Edward ELGAR (1857-1934)
Symphony No. 2 in E flat major Op.63 (1911) [56:01]
Staatskapelle Berlin/Daniel Barenboim
rec. Philharmonie Berlin, Germany, 28 October 2013
DECCA 4786677 [56:01]
With the exception of Sir Adrian Boult few conductors have been given the opportunity or indeed shown the inclination to record Elgar's Symphony No.2 more than once. All the more reason therefore to welcome, even if it's with a faint shudder of disbelief that it can be really forty years after the first traversal, this performance from Daniel Barenboim.
Back in the 1970s Barenboim made a series of Elgar discs for CBS/Sony with the London Philharmonic Orchestra. At that time he was on the short list for principal conductor of that orchestra and was the preferred choice of several influential players in the orchestra although he ultimately lost out to Georg Solti. Aside from a justly famous version of the Violin Concerto with Pinchas Zuckerman and a live performance of the Cello Concerto with his then wife Jacqueline du Pré contemporary critics did not judge those recordings as seriously challenging top recommendations of the day. Returning to them from today's perspective they reveal a consistent and individual approach to Elgar that sits between the volatility of say a Solti and the mature vision of the later Boult recordings (Lyrita; EMI). Part of the fascination with this new Decca recording is how little Barenboim's overall interpretation has changed. For sure an occasional passage might be fast here or slower there but the conception is very similar. Some comparative timings are interesting:
Sinopoli/DG Barenboim/CBS Barenboim/Decca Boult/EMI Solti/Decca 1. Allegro vivace 20:41 18:50 18:28 17:34 15:32 2. Larghetto 18:24 14:19 14:01 14:13 15:33 3. Rondo - Presto 8:59 8:01 8:01 8:03 7:52 4. Moderato 17:19 15:19 15:31 13:19 12:32 TOTAL 65:23 56:29 56:01 53:09 51:29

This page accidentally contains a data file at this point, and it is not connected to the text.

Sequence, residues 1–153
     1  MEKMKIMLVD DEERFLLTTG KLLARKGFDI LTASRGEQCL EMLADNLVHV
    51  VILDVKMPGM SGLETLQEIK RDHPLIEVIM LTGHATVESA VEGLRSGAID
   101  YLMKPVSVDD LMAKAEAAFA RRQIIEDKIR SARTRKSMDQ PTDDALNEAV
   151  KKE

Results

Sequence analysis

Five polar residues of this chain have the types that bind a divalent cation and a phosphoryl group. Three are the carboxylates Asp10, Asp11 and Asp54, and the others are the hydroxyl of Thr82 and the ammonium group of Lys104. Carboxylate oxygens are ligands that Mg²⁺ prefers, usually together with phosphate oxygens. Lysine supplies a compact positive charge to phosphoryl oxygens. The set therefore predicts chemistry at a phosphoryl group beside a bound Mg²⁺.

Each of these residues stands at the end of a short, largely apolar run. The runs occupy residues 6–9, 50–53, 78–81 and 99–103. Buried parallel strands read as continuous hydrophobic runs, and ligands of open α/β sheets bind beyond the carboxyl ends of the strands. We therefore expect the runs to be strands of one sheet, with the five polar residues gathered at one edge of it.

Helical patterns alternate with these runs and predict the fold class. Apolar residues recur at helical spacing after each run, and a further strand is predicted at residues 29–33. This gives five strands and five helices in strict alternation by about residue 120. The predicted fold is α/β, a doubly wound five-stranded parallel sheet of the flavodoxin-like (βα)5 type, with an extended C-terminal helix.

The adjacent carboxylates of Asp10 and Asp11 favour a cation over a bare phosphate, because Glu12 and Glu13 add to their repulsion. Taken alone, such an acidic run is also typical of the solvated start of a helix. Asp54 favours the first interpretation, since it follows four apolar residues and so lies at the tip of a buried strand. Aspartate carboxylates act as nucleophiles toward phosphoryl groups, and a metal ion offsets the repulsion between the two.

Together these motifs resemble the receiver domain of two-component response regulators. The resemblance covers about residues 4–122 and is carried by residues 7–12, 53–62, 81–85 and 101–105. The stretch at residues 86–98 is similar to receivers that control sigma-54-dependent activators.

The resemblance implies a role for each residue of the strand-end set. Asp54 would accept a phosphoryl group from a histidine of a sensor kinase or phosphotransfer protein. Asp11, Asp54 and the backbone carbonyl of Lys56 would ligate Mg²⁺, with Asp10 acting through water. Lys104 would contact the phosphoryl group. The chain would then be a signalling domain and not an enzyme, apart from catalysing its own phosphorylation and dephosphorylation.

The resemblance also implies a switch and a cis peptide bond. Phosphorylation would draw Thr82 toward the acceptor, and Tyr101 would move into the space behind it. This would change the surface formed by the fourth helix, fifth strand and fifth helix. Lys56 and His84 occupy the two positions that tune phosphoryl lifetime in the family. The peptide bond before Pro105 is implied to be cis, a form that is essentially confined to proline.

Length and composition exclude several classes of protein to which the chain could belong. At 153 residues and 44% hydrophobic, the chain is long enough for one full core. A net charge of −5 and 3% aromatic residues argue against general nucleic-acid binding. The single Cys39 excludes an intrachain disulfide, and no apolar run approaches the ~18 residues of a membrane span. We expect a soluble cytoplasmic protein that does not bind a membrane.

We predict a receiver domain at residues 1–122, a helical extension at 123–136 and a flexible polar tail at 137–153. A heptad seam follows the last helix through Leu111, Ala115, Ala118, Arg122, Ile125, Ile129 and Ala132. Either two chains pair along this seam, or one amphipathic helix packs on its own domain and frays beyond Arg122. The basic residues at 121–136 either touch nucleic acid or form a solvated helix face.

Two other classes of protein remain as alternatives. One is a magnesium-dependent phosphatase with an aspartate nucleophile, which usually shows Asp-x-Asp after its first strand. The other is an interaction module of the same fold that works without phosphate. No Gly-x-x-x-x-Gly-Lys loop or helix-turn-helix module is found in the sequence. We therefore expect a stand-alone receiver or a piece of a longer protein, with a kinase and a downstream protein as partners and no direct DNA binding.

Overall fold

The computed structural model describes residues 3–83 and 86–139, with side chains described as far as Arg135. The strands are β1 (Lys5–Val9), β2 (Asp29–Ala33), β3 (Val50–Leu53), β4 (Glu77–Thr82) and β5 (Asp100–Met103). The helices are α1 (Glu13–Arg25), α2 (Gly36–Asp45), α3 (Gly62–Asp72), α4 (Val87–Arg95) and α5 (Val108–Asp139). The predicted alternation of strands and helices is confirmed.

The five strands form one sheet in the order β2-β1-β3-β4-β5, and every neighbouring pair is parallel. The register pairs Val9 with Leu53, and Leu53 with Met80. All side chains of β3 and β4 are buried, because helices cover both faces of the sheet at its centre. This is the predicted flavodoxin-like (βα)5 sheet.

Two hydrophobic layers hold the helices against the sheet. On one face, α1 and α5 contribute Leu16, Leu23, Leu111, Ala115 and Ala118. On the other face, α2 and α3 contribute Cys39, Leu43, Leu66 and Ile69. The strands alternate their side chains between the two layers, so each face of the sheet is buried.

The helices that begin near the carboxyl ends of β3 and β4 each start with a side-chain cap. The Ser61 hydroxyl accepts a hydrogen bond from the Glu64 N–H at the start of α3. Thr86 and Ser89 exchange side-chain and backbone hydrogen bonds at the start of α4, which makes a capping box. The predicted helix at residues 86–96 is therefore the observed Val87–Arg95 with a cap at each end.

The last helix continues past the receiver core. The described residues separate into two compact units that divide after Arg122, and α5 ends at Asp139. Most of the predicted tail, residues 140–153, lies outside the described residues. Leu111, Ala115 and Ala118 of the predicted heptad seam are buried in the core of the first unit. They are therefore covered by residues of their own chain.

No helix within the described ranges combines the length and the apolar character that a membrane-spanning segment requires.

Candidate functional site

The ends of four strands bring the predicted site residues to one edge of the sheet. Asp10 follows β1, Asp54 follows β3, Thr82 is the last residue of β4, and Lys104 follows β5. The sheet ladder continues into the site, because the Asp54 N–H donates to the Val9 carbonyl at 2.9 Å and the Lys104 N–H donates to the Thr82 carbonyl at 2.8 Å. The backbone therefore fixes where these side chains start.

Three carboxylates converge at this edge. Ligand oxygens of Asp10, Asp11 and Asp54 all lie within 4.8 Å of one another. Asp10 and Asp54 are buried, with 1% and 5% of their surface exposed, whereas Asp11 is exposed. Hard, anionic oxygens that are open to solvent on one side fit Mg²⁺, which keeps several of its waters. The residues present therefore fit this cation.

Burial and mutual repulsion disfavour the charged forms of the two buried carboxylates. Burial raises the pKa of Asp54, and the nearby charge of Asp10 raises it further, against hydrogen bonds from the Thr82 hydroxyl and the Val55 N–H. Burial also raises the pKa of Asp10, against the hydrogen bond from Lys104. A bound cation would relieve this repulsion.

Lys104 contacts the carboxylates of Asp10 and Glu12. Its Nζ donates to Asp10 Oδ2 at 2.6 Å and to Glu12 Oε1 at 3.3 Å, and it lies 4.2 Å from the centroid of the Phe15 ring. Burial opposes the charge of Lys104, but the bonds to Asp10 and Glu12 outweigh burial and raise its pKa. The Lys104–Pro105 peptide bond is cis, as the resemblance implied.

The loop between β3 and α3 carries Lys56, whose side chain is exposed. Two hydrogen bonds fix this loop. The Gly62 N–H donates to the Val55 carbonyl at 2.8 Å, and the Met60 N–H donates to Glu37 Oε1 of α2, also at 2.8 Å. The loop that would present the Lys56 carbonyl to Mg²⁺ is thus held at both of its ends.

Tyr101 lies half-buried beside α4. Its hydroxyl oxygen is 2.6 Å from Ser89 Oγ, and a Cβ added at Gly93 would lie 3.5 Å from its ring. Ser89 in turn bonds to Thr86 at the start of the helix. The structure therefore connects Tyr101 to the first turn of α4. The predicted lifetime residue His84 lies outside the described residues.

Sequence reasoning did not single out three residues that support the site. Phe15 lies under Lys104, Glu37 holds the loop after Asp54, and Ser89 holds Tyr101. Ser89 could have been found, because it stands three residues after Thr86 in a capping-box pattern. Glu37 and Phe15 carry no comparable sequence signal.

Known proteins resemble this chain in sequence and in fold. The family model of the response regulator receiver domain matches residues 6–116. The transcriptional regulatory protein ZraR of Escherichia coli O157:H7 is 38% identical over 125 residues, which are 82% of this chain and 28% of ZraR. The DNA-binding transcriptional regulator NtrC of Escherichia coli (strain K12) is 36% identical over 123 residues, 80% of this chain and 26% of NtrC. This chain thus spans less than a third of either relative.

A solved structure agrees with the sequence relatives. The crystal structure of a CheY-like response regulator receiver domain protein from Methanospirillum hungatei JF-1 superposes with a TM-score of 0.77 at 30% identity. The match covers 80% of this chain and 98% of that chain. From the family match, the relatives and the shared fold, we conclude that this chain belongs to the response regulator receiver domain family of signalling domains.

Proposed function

The fact that such a wide range of timings exists and that all of the performances - as well as many others - are compelling and satisfying is testimony to the quality and variety of the work. Michael Kennedy in his book Portrait of Elgar makes a fascinating argument for the idea that this work together with the Violin Concerto and The Music Makers are the three key Elgar works. Of those three the Symphony is the richest and most complex of all. Indeed, it was that technical complexity and musical/emotional ambiguity that left early audiences confused and ultimately disappointed. Compared to the undoubted genius of the First Symphony this work fluctuates between doubt and certainty, hope and despair, rage and regret. The difficulty for interpreters - aside from the huge technical demands made on the players - is to find a coherent path through this minefield of Elgar's turbulent world. In the range of interpretations listed above Sinopoli and Solti focus on one extreme and minimise the emotion at the opposite end of the expressive spectrum. Boult in this his last recording brings a certain held gravitas that does not ignore either extreme but rather views them from a perspective of detached old age. Barenboim chooses to engage with each and every emotion as they present - rather like enjoying a gallery of Art with a wide range of styles viewed in a relatively brief period.
There are many positives to be taken from this approach. Clearly Barenboim has a great deal of affection for the score and he has conveyed this love to the Berlin players for whom this symphony must be a rarity at best. Indeed the quality and engagement of the playing is one of its major pluses. Given the influence of Germanic composers on Elgar it should come as little surprise that the rich Germanic sound produced by the excellent Staatskapelle Berlin is very well suited indeed to this work. I do think there is a consciously theatrical approach in Elgar's scoring that pre-supposes antiphonal violins - the photograph of the orchestra in the liner would suggest just such an arrangement but curiously the recording points up this detail less than one might expect or indeed hope. The Decca recording is full and rich - without the classic Decca sound produced for Solti but still impressive. Occasional orchestral details are missed - the harp part proves to be only occasionally audible. There are points where this seems to be a conscious choice by Barenboim. For instance the coruscating chromatic upward trumpet scale in the first movement (rehearsal figures 40 - 41) is just part of the texture in both his performances which rather negates Elgar's careful fff marking - one full step louder than the rest of the orchestration. Listen to either Mackerras or Menuhin both with the RPO on Argo and Virgin Classics respectively for the way to make this passage register with thrilling intensity.